When there is conflict between Muslims and Christians, it is ad extra and the masterminds are primarily the minority zealots. When Christians become enraged and take to reprisals in the wake of any attack or show aggression against any core Islamic teaching, the fundamentalists most times weep sentiments and the peaceful Muslims often succumb. Is the ‘Boko Haram Republic’ unconnected to this? The challenge is to pacify the peaceful ones against drawing large numbers from the peace-makers says, Mc Cabe.
On the socio-economic and political dimensions, there is a falsification of religious truth, economic truth and political truth which makes for the unbridgeable lacuna in the relations between Christians and Muslims. Poverty, illiteracy, the Almajiri system in the north are portent incubators of chaos. The erstwhile Vice Chancellor of Ahmadu Bello University, Zaria, Professor Abdullahi Ango’s classification of Boko Haram as criminal, political and religious is indicative of a multifaceted evil dawn on us. Sunday Trust of 24 June 2012 reports Ango as blaming the current happenings on the political, social, and economic fronts on “…Northerners in position of responsibility” for failing to live up to the expectations of our founding fathers “…in terms of honest and purposeful leadership – in the old Northern region.”
Drawing from the above submission, some public affairs commentators have fingered the current ugly scenario of insecurity in our country on fabricated/false-flag attacks or Diocletian’s Problem-Reason-Solution; a military as well as political phenomenon in which the elite create enemies in order to re-order society in their tyrannical image and likeness thereby not only funding but fanning the flames of terrorism against their people to find a scapegoat; when they offer solution, they people celebrate them. Could the creation of militia groups used as body guards or fighters of political enemies like the sara shuka – Bauchi, yan kalare – Gombe to mention a few not be connected to this?
At this juncture, one would want to ask; who are the sponsors of Boko Haram activities targeting mainly Christian worshipers in the north (mostly on Sundays) and the powerless Nigerian populace? Are contemporary Nigerian Christians suffering what their forebears went through during the tyrannical reigns of the Roman Emperors Nero and Diocletian? A sure case of Problem-Reason-Solution, one might think! As George Santayana would say, “those who do not learn from history are condemned to repeat it.”
Clue to reverting the sad trend of events among believers and indeed all Nigerians is cultivating a ‘civilization of love.’ Love has no tribe; it knows no religion or color. Beyond differences in articles of faith and all qualms between Christians and Muslims, Christianity and Islam (from their common lineage) share the twin golden commandments of love of God and neighbor.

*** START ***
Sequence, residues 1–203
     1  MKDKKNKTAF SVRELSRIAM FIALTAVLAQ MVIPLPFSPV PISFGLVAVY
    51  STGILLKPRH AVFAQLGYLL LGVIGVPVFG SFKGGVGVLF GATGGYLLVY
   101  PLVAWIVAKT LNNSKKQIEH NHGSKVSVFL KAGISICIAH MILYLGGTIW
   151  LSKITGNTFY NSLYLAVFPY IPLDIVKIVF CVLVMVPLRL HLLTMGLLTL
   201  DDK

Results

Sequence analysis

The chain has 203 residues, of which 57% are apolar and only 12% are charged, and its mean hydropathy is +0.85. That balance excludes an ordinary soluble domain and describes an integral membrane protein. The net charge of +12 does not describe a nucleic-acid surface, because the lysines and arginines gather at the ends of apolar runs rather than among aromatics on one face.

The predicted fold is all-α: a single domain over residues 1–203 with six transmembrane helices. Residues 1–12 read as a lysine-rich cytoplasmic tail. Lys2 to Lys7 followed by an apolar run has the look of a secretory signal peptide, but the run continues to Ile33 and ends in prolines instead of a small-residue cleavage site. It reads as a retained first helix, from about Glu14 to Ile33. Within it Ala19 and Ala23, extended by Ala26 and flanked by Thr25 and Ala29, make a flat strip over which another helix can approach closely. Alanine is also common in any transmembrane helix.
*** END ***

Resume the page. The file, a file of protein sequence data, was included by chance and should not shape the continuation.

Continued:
German missiologist, Kosuke Koyama, insists that we need ‘a crucified mind’ rather than ‘a crusading mind.’ We equally need to revamp an interfaith culture that entails mature faith and courageous interaction with one another in mutual respect, love and understanding.
In Nostra Aetate No 2, the Church rejects nothing that is true and holy in other religions; She “…exhorts her children prudently and lovingly, through dialogue and collaboration with the followers of other religions, and in witness to the Christian faith to acknowledge, preserve and promote the spiritual and moral good, as well as the socio-political values found among them.” What could be more profound?
It will be recalled that the Prophet Mohammed (peace be upon him) in the document Achtiname instructed his followers to defend Christians against aggressors. The Holy Quran chapter 9: 29 emphasize respect and love for the people of the book. In Islam, Jihad is two-fold namely, the ongoing fight/struggle within an individual in terms of choosing right or wrong and territorial conquest but never forceful conversion!
The tablet of 8 June 2002, page 16, carrying the caption of an article “Relating to other faiths: How far can you go?” by Jacques Dupuis, is very instructive for our discourse. It says, holding unto one’s faith need not undermine a commitment to mutual dialogue on equal terms – being prepared to listen to the other, to allow oneself to be challenged by the other and to believe and hope that through prayer/dialogue, one can come to a more appropriate understanding of the two faiths – one’s and the other’s.
We need an integral liberation from the shackles of ignorance/illiteracy, (brain-washing) poverty for optimal human capacity building, education, and unprejudiced efforts towards peace. While vigilance and security is the responsibility of all, government must ensure constant border-checks and the security of lives and property. Stake-holders, traditional and religious leaders must ensure a balanced citizenry. If justice and peace prevails, the dreams of our heroes past of the unity and integrity of our nation would be sweet melon in our mouths. Where have we thrown the blessings of Abraham? Are we throwing away BOKO (Education) to hand over to his descendants, BOMBS and BULLETS? God deliver us!
Fr. Justine John DYIKUK, a Catholic Priest and Public Affairs Commentator writes from Bauchi.